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Kane County schools attempt to deal with budget impasse

Local schools are being forced to adjust to the grim reality of reduced funding if the Illinois Legislature doesn’t create a budget.

Schools across the state are about to make difficult decisions as 401 districts would have fewer than 180 days of cash on hand, as put forward in the 2017 School District Budget Plans submitted in fall 2016. Even more dire, 144 districts would have less than 90 days of cash on hand, according to Jackie Matthews, director of media and external communications for the Illinois State Board of Education.

“I want to be forthright and transparent about what the current state budget impasse means for education funding as we approach the close of fiscal year 2017,” ISBE State Superintendent Tony Smith wrote in a recent weekly message. “ISBE has no authority to distribute any state or federal funding for fiscal year 2018 without an enacted state budget. ISBE can voucher scheduled payments for fiscal year 2017 state and federal grants through Aug. 31, 2017.”

According to a tweet posted by Gov. Bruce Rauner on June 29, he plans on having the General Assembly stay in place until a budget is passed. An income tax increase was approved by the House and the Senate, then vetoed by Rauner on July 4. The Senate overrode the veto shortly after. The plan still needs to be approved by the House in order to pass into law.

State Sen. Karen McConnaughay, R-St. Charles, said in a phone interview that the situation is frustrating.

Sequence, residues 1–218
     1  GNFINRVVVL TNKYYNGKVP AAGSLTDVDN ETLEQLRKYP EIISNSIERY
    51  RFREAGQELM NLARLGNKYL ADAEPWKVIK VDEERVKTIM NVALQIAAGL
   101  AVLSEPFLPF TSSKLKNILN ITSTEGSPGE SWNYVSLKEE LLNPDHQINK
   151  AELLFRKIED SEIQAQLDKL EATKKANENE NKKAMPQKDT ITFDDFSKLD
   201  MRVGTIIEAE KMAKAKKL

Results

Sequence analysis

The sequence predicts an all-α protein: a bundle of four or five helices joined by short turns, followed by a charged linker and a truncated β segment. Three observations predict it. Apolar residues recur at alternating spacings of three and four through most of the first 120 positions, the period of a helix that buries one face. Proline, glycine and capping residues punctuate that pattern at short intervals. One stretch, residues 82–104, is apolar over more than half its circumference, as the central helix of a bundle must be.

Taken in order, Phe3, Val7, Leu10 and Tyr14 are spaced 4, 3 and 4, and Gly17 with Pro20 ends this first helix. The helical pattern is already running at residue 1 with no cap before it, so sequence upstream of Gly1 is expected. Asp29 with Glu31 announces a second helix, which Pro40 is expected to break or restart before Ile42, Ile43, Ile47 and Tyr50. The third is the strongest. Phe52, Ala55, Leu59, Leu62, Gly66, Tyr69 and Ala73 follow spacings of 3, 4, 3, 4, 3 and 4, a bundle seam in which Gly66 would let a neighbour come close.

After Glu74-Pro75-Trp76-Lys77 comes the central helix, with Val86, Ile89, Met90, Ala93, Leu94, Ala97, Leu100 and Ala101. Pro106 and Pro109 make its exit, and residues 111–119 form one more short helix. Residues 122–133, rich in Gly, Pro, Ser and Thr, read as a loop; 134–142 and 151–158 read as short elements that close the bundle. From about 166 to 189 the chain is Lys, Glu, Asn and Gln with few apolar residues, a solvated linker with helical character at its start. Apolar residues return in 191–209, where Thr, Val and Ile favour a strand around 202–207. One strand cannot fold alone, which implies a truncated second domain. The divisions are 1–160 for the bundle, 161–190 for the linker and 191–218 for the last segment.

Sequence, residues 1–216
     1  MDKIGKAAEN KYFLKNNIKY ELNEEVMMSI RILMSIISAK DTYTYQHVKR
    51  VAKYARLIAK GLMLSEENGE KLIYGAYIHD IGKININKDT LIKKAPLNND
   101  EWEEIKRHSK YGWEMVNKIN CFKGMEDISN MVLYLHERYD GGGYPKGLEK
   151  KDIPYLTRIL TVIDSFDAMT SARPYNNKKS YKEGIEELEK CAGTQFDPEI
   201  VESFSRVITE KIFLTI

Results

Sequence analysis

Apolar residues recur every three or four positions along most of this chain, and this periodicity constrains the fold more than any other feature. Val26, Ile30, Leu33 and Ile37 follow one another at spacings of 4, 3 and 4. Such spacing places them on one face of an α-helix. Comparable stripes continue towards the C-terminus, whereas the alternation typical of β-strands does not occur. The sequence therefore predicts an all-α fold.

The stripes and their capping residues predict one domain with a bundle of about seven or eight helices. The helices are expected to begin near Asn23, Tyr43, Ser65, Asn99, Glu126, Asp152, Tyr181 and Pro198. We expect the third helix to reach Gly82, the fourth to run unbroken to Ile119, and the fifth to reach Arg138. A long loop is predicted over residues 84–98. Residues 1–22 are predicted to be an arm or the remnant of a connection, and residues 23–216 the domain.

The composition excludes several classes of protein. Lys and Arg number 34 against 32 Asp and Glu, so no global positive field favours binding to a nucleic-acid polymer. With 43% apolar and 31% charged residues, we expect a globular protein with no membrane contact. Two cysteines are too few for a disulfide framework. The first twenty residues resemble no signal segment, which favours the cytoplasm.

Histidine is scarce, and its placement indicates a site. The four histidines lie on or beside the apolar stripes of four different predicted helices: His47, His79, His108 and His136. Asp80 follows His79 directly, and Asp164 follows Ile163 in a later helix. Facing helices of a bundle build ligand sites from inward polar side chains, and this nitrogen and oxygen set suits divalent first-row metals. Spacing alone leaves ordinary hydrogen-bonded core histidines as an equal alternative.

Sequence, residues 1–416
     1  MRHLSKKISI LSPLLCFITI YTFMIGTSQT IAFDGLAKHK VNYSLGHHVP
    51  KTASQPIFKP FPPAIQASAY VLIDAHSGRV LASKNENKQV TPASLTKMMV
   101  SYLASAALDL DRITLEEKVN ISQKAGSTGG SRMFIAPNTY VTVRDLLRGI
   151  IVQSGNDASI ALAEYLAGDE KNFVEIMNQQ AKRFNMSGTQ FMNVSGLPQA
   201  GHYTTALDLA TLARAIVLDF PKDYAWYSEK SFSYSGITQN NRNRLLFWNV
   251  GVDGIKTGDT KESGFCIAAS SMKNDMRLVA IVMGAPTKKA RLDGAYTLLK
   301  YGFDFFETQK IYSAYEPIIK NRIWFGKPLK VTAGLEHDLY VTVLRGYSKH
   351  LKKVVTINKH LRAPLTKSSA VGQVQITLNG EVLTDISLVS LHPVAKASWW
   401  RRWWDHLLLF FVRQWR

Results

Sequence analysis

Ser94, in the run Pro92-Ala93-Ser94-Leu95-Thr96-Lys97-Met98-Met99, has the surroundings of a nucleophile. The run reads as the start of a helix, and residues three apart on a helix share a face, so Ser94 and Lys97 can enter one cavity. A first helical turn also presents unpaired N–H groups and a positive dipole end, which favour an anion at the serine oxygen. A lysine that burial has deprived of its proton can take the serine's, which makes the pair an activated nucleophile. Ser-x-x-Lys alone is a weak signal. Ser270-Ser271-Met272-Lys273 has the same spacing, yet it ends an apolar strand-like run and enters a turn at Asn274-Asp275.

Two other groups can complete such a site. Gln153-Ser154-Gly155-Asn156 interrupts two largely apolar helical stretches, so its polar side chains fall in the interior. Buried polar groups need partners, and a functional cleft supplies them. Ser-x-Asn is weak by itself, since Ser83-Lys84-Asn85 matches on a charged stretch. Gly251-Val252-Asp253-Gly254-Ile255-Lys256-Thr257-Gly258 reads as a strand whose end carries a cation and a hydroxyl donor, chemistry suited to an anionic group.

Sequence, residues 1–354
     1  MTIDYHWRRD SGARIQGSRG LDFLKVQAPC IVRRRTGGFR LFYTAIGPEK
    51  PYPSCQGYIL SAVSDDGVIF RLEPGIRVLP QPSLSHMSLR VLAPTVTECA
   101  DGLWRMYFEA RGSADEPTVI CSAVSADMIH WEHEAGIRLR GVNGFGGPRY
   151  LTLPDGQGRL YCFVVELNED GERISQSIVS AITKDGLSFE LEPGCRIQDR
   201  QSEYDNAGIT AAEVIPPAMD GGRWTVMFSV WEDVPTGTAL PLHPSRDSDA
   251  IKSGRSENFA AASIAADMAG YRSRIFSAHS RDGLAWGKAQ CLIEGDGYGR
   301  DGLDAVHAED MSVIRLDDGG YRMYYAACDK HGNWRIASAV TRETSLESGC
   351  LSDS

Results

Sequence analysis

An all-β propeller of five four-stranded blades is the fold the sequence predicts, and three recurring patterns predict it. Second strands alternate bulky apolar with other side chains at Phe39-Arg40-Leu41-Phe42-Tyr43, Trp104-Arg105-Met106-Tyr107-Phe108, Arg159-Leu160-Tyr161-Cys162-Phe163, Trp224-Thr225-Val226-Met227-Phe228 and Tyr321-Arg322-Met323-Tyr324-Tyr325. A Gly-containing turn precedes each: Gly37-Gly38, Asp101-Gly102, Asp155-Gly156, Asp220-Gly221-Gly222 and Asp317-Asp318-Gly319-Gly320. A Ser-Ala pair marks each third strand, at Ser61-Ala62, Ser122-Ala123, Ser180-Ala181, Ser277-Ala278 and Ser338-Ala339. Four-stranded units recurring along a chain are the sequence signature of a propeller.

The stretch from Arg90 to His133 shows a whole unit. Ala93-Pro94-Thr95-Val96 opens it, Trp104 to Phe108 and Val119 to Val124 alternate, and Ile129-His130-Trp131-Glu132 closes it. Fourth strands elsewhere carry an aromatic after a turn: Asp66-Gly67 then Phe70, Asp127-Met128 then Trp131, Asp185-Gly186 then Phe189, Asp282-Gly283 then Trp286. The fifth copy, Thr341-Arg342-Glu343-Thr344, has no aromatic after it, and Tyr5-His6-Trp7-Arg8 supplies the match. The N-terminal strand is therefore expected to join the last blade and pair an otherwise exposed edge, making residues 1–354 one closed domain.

“[Education] is one of the reasons why we need to stay here even if it means staying through the holiday,” McConnaughay said. “We must make arrangements so that school opens in the fall. We must make sure that schools can open. Something needs to happen by the end of July.”

When asked if there was anything that could be done for the state’s schools if the budget deal falls apart, McConnaughay reinforced her view that there needs to be a focus on putting together a full budget.

“I think the minute we stop focusing on a complete budget, we are doing a disservice by doing that,” McConnaughay said. “We are putting pressure [for] a complete, responsibly balanced budget. Education is a part of that. Is there something that can be done if not reached? Probably. But most people in this building are not ready to go to that level.”

Meanwhile, some schools are preparing to deal with the fallout. Todd Leden, superintendent for Kaneland School District 302, and the school board recently reduced funding with a tentative district-wide budget plan.

“We have a budget deficit of $3.1 million as identified,” Leden said. “We anticipated what percent we needed to reduce to meet our goal. … Buses, capital projects, technology, curriculum and building supply projects – we looked at all of those. Rather than fully fund, we’ve reduced them by varying degrees to come out with $1.5 million in savings for next year.”

Former St. Charles School District 303 Superintendent Don Schlomann, who retired June 30, remarked that the lack of a budget doesn’t directly affect District 303. Although if a property tax freeze goes through, District 303 will be affected. A property tax freeze has been sought by Rauner.

“Our school board did a really good job of trying to lower our property taxes,” Schlomann said. “We are the lowest on property taxes in Kane County of the nine school districts. Having a freeze on that seems to penalize us for being frugal in the past.”

Parents in Kane County also have their concerns.

“As a parent of school-aged children and a lifelong Illinois resident, it is disappointing to see the state of Illinois being stuck in this very difficult budget situation,” said Jeanne McGowan, parent and Geneva 4th Ward alderman. “I am hopeful that some type of agreement can be reached ... so that agencies that rely on state funding can continue their operations without having to further cut essential services. This should be a concern of every Illinois resident, not just parents.”

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